By Czarina Nicole Ong Ki
The Commission on Human Rights (CHR) is extremely alarmed over news reports that women are dying due to childbirth complications after being turned down successively by different hospitals.
CHR Commissioner Karen S. Gomez-Dumpit, Focal Commissioner on Gender Equality and Women’s Rights, said that pregnant mothers and newborn babies are among those who are highly susceptible to the coronavirus disease 2019 (COVID-19).
While it is understandable that the majority of health resources are now focused on treating COVID-19 patients and stemming the transmission of the virus, Gomez-Dumpit said that care and treatment for mothers and their infants should not be disregarded.
“Even with challenges brought about by the COVID-19, the right to health of women and children must continue be protected,” she said. “International and domestic laws are replete with provisions that mandate the protection of maternal and infant health and the prevention of mortality occasioned by childbirth.”
Gomez-Dumpit stressed that these are included in the 2030 Sustainable Development Goals, which ensures healthy lives and promoting well-being for all at all ages.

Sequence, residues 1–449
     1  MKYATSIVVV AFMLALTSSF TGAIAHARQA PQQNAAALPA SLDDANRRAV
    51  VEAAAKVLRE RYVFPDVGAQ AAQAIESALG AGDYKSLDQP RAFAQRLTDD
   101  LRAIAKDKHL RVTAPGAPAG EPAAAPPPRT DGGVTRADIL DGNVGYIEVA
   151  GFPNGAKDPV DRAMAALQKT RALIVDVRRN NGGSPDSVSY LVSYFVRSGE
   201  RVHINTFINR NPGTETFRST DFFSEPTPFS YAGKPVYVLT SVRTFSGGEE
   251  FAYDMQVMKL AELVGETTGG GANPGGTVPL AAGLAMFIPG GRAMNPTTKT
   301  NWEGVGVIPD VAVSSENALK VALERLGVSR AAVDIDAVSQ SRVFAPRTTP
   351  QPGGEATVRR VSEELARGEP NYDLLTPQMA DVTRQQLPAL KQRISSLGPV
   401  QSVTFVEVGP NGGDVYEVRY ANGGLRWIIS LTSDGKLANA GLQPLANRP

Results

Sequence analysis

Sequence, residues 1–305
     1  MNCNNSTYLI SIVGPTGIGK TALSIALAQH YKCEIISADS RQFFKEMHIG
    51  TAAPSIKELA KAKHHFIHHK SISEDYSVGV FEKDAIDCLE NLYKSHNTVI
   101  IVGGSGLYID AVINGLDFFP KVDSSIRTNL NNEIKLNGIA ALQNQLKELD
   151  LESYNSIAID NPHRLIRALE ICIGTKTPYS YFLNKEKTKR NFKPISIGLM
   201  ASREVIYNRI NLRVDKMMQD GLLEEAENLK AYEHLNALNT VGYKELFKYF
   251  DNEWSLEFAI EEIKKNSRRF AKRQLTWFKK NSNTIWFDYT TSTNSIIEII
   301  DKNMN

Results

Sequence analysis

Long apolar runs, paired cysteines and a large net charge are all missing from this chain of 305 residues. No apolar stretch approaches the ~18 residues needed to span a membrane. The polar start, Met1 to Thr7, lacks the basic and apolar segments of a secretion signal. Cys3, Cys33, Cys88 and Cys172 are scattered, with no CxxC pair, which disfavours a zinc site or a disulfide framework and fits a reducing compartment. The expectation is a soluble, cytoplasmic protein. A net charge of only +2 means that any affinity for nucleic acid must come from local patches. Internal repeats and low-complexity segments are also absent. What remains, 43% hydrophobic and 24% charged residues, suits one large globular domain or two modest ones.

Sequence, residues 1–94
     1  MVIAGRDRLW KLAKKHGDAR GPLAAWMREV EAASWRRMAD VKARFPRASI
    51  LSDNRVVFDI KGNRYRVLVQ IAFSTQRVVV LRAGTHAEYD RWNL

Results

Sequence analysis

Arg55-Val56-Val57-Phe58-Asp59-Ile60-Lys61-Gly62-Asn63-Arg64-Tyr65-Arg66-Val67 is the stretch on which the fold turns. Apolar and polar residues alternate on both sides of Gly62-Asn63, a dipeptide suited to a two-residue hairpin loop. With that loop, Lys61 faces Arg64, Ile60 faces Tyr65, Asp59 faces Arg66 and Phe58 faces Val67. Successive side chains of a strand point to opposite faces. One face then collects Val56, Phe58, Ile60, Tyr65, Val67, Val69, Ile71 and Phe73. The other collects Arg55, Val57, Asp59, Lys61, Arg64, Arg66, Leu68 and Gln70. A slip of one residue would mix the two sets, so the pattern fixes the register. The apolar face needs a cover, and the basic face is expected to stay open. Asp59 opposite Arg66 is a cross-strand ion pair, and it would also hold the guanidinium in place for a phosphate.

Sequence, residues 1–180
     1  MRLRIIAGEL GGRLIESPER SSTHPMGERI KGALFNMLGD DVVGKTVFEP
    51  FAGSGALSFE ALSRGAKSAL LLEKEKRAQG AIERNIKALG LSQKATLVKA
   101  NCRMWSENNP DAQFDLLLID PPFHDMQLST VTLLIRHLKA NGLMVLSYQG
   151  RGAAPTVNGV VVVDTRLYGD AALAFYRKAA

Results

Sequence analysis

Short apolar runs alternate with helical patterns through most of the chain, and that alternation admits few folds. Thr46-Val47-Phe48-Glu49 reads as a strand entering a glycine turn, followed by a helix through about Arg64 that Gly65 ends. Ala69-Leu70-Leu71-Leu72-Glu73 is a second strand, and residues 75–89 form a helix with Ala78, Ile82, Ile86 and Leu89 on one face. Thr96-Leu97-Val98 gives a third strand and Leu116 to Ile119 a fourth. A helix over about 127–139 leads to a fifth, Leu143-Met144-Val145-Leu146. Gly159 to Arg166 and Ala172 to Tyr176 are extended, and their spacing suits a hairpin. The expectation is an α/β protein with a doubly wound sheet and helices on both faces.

Gomez-Dumpit likewise cited the fears of pregnant women now from going to health care facilities for checkups and even deliveries. Thankfully, some hospitals and doctors have been utilizing technology to do prenatal checkups.
The only downside to this, she said, is the difficulty in tracking high-risk pregnancies in virtual consultations. “Babies and infants whose immune systems are not yet fully developed are likewise prone to contracting infectious diseases if proper measures are not in place,” warned Gomez-Dumpit.
The CHR, as the Gender Ombud of the country, has urged the Department of Health (DOH) to issue appropriate protocols and guidelines for all health care facilities in attending to the needs of pregnant mothers and babies.
These recommendations include uninterrupted access to sexual and reproductive health services without discrimination; provision of personal protective equipment (PPEs) to obstetric care providers; clean and separate facilities for childbirth and neonatal care to ensure safe birth; unhampered services to pregnant women, those in labor and delivery, and lactating mothers;
and use of technology in prenatal and postnatal checkups.
The CHR also recommended the availability of COVID-19 test kits in childbirth facilities, should the same be needed; continued practice of physical distancing and other precautionary measures; and access to health care facilities by complying with laws such as the anti-hospital deposit law (R.A. 10932) and anti-hospital detention law (R.A. 9439), among many other things.
“A well-managed health care system is critical in minimizing, if not eliminating, the exposure of pregnant mothers and babies to COVID-19,” said Gomez-Dumpit.